Agreed. The strap could not have (in any realistic situation) caused feedback. Feedback is caused when a signal from your system's output (generally, speakers) enters your system's input (generally, microphone) at a loud enough volume to then exit the output again at an EQUAL or LOUDER volume than when it initially exited. A guitar strap... simply does not affect this system. Guitar STRINGS can vibrate in sound waves well enough to cause a feedback loop - this is an effect that is occasionally used in music.

tl;dr - No. It wasn't the strap.
posted by frwagon at 5:53 PM on October 3, 2010


A few things that haven't been mentioned. The nature of feedback is that a pitch is being picked up by the mic, sent out from the speaker, that pitch is then picked up again and repeated, causing a tone which is the feedback. It could have been a problem with the EQ then, but not the strap.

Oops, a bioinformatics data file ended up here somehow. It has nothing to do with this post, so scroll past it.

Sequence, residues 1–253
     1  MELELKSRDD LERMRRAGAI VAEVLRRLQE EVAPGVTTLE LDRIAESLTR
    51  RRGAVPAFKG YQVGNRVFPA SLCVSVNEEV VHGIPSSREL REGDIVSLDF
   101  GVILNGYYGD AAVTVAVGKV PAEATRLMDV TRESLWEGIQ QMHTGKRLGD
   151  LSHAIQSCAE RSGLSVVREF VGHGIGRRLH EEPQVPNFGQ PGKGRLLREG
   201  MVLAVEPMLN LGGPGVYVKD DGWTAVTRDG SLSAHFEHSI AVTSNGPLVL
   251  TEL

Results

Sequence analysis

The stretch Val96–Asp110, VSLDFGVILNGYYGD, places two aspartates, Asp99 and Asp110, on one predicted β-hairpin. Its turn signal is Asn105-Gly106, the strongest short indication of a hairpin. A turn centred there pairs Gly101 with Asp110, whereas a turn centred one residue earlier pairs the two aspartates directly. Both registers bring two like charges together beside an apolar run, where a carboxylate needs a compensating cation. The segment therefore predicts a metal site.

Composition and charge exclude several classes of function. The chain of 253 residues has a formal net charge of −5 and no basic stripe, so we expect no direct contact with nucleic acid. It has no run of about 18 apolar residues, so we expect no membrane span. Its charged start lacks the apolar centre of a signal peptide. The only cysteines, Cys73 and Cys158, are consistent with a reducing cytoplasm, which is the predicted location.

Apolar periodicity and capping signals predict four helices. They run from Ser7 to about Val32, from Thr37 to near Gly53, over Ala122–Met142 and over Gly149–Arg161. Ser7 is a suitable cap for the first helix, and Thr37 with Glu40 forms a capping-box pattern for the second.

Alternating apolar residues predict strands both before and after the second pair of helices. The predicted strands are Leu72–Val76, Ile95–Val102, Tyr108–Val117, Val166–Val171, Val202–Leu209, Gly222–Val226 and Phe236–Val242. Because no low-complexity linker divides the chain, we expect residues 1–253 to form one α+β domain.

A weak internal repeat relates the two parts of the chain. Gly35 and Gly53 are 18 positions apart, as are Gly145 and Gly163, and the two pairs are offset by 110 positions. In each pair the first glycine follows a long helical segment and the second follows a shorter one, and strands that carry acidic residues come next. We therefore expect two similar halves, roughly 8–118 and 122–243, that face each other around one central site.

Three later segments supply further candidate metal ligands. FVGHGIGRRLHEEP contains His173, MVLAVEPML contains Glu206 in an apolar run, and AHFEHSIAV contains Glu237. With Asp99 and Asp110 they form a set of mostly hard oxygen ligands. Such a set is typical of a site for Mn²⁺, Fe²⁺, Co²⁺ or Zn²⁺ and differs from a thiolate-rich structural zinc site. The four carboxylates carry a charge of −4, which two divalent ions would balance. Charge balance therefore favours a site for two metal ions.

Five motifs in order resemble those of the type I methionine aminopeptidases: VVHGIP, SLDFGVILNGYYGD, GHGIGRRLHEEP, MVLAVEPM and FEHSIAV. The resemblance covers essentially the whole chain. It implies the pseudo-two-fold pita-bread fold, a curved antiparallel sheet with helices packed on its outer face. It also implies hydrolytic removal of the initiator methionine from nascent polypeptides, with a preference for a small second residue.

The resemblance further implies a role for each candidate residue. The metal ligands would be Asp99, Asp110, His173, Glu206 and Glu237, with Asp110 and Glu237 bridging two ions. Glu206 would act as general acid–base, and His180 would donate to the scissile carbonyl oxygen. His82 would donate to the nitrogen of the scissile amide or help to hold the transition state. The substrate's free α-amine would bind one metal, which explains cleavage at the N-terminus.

posted by Deflagro at 6:06 PM on October 3, 2010


In the church basement where my theatre group performs, the metal chairs vibrate at a B-flat. When we hit that note on stage as a big group, it causes some feedback.

Since part of the point of the question is what the word feedback actually means, I think it is important to note that you are describing resonance (i.e. the sound you are producing induces vibrations in the chairs and then you hear those vibrations), rather than feedback. The sound is not fed back into anything. There is no loop in this instance and so there is no feedback.
posted by ssg at 6:34 PM on October 3, 2010 [1 favorite]


related research: Metal Machine Music.
posted by ovvl at 6:34 PM on October 3, 2010


Resonance can cause feedback though. Most rooms that are not designed with acoustic treatment have a resonant frequency which amplifies that specific frequency, thus causing feedback. Maybe try finding the resonant frequency of the room and notch it out with some eq.
posted by anonop at 6:57 PM on October 3, 2010


If you were hearing a high pitched squeal that only happened when she wasn't playing her guitar, her pickups may have been going microphonic.
posted by davey_darling at 6:58 PM on October 3, 2010


If it was a low hum/buzz (not the typical high ear-piercing pitch of feedback) it might have been a ground loop.
posted by zsazsa at 7:53 PM on October 3, 2010